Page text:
Tag Archives: Fabric Place Basement

The Long, Long Cardigan: McCall’s 7476

Standard
The Long, Long Cardigan: McCall’s 7476

The long cardigan was a new style for me until the beginning of the year when I bought one at TJ Maxx.  I wasn’t sure about the look, but I was curious and wanted to try it.  I told myself I would test it out, and I really liked it!  Then I saw this look and found McCall’s 7476.  It was time to MAKE one of my own.

The Long, Long Cardigan:  McCall's 7476

The only problem was that the super long version I wanted (View E, but without the shawl collar) called for A LOT of fabric.

The Long, Long Cardigan:  McCall's 7476

l

The Long, Long Cardigan:  McCall's 7476

I knew that if I was going to make this, I would have to find a good deal on material.  One of my favorite places to look for such deals in person, rather than online, is at Fabric Place Basement in Natick, MA.  It’s not exactly nearby, but if I’m really efficient with my time and focused when I’m there, I can do it on a weekday.

I went with my list and my budget and my ideas and, providentially, there was a sale on wool.  The fabric I found for the cardigan was a wool/acrylic rib knit, so it was affordable with the discount.  I don’t normally like rib knits, but being able to see and feel this one in person convinced me that it could work for my cardigan.

The Long, Long Cardigan:  McCall's 7476

On to the project!  I washed and dried a fabric swatch (I think it was 4″ x 4″) to see how much shrinkage would happen.  Despite the warm temperature I used, there really wasn’t any shrinkage.  So, I put the rest of my fabric in the washer and dryer.  The only downside to this fabric is that it’s a hair magnet, but at least it doesn’t shrink!

I cut my pattern out on the floor after cleaning it as well as I could so the fabric didn’t get dirty.  I cut a large for the bust and waist and an extra large for the hip, leaving off the shawl collar.  This was also my first time using knit interfacing.  It went well, and I like the feel of it in the finished garment.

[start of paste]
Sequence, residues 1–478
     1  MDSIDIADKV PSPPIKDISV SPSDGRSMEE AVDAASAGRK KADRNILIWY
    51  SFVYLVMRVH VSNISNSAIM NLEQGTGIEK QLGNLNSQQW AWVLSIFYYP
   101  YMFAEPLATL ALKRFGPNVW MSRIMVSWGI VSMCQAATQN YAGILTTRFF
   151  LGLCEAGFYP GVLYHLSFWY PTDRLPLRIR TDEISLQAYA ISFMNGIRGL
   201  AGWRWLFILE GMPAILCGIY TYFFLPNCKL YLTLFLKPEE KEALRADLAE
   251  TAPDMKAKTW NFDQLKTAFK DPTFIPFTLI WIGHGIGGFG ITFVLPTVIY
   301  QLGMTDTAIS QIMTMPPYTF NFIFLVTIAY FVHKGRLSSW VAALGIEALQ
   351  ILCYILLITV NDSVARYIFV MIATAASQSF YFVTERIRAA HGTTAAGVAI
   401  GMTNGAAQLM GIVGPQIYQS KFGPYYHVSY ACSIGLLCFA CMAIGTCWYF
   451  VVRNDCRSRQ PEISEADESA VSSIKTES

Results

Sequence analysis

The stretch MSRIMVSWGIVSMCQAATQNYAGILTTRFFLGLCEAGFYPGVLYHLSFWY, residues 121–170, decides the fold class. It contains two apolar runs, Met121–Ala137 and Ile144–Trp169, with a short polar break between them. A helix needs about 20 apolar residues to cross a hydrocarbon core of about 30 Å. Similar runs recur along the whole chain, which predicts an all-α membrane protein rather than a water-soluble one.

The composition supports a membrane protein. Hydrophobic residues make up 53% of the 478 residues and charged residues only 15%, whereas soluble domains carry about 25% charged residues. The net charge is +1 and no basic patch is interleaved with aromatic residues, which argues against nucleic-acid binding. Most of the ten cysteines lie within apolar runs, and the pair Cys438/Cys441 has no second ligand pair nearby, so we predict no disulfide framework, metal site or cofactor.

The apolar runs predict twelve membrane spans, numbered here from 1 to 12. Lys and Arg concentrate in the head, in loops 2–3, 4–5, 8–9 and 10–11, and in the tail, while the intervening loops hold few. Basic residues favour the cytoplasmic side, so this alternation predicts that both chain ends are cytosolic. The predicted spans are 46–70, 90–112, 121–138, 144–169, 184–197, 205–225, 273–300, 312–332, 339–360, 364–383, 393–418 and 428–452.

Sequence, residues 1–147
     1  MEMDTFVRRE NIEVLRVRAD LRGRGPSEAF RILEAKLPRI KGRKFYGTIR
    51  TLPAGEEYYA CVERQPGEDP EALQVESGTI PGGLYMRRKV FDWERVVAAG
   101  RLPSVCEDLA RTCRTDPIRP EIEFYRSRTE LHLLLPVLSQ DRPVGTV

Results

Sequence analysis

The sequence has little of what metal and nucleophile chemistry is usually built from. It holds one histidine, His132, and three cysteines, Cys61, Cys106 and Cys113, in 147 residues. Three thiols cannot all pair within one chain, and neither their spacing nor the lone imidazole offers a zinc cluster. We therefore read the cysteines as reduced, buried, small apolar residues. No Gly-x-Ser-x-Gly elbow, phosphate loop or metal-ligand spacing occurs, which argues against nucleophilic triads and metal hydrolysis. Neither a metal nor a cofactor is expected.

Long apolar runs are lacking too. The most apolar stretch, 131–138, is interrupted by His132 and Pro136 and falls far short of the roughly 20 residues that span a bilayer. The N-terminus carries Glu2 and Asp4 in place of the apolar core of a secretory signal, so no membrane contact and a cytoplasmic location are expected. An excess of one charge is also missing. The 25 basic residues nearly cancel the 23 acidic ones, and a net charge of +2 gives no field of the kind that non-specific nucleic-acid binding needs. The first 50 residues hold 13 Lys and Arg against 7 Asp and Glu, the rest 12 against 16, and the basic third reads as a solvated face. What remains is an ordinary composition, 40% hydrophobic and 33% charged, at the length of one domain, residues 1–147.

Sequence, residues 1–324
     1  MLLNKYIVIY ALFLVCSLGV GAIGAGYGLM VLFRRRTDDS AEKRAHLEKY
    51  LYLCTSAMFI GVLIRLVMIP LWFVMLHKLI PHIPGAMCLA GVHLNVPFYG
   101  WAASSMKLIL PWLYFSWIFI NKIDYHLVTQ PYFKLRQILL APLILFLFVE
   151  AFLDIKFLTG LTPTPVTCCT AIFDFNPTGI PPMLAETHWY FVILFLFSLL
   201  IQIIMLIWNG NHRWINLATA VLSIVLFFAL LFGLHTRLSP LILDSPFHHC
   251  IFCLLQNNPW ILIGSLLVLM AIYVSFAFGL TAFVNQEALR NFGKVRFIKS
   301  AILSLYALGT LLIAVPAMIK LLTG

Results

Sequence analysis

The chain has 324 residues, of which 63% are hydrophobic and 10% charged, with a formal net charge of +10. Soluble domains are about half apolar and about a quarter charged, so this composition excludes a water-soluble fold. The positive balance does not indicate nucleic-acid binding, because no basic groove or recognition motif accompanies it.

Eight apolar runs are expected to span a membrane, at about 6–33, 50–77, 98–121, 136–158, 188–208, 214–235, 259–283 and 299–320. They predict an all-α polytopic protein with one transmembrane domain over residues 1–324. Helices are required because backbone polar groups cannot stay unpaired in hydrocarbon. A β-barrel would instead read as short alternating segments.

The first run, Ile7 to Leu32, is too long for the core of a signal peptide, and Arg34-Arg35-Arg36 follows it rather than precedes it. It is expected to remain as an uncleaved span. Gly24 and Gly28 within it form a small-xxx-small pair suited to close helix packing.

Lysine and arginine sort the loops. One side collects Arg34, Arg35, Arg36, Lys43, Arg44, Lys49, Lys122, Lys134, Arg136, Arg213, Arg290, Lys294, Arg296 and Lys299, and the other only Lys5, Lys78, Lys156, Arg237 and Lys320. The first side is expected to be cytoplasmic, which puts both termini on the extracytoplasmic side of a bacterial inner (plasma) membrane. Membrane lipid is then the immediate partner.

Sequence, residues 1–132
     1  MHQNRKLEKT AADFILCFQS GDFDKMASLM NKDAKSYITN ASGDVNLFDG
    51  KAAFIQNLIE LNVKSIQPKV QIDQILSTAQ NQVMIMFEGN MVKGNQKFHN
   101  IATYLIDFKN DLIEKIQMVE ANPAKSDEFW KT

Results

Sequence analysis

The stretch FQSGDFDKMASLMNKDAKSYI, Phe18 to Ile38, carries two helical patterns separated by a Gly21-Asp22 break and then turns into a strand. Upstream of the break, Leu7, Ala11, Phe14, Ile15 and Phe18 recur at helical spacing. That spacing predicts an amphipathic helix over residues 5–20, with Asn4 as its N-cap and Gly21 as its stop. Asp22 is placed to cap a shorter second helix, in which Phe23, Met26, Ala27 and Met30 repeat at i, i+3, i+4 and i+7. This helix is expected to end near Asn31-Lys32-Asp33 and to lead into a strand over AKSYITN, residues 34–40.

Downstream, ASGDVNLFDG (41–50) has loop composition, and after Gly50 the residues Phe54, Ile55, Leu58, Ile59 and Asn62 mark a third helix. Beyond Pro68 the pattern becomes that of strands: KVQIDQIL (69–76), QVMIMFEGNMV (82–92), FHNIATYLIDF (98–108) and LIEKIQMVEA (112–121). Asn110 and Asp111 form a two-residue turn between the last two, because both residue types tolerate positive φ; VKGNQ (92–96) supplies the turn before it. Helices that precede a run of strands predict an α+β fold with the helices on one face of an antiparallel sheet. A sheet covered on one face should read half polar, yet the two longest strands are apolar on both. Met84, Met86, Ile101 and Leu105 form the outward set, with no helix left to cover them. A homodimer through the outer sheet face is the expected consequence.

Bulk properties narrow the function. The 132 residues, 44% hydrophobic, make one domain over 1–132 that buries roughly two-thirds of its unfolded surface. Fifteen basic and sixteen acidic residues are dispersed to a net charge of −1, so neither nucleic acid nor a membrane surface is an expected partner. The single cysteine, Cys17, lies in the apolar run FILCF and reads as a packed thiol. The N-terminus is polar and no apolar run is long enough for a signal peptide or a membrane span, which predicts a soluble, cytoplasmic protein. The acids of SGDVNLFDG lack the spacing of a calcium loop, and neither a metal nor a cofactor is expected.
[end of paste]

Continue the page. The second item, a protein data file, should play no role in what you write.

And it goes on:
The Long, Long Cardigan:  McCall's 7476

Except for the unwieldiness of the project due to its length, this wasn’t hard.  I tried using Coats & Clark’s new Eloflex thread, which is slightly stretchy and made for knits.

The Long, Long Cardigan:  McCall's 7476

After awhile, I switched from Eloflex as my top thread and in my bobbin to Eloflex in just the top and wooly nylon in the bottom.  It seemed like my machine didn’t like something that I was doing, and for some reason, that configuration seemed to do the trick.  I still used a zigzag stitch and all the other things I do for sewing with knits (walking foot, lighter presser foot pressure, jersey needle), but just changed up that top thread from my usual all-purpose Gutermann to Eloflex.  We’ll see how it holds up.  No complaints so far, but I also haven’t used it enough to say if I love it or not.

The Long, Long Cardigan:  McCall's 7476

The other thing I tried out on this garment was Steam-A-Seam 2 (the 1/4″ one).  I’ve had this for a while, but haven’t really used it.  It’s a lightly tacky double-stick tape that you then use to fuse your fabric together with an iron when it’s positioned.  I used it to help me hem and for my pockets as an extra stabilizer. It says it creates a permanent bond when ironed, but I still sewed my hems and pockets where I applied it.  Why did it take me so long to use this?!

The Long, Long Cardigan:  McCall's 7476

l

The Long, Long Cardigan:  McCall's 7476

After wearing the cardigan a few times, I wonder if I need to shorten it just a bit.  The hem is about an inch off the ground.  (For reference, I’m 5′ 8.5″.)  It doesn’t pick up as much dirt as you might expect, but I’m always worried it will drag.  I was hoping I could just fold the hem up one more time, but when I tried pinning it, I realized that my hem was slightly uneven, and simply folding it up really exacerbated that.  Maybe it’s time to use my new-to-me hem marker if it will go down that far.

The Long, Long Cardigan:  McCall's 7476

I really, really like this cardigan.  I know it’s a different look and it’s a lot of black for me, but it’s so cozy and warm (guys, it’s basically a blanket or a robe).  I like how it looks with jeans or overalls, and it’s great to have something so long and dramatic–something so different from most of the rest of my wardrobe.  I would definitely make this again.

The Long, Long Cardigan:  McCall's 7476

l

The Long, Long Cardigan:  McCall's 7476

Recommendations

  • While reading the Wednesday Weekly from Helen’s Closet, I saw that Sewrendipity is creating a hub for local fabric shopping guides.  You can see if she’s linked to one near you, or submit your own.  It’s a great idea.
  • Indie Sew wrote a great article on fabric weight, how to determine fabric weight, and why it’s important.

 

 

 

Advertisements

The Coziest Sweatshirt: Very Easy Vogue 9055

Standard
The Coziest Sweatshirt:  Very Easy Vogue 9055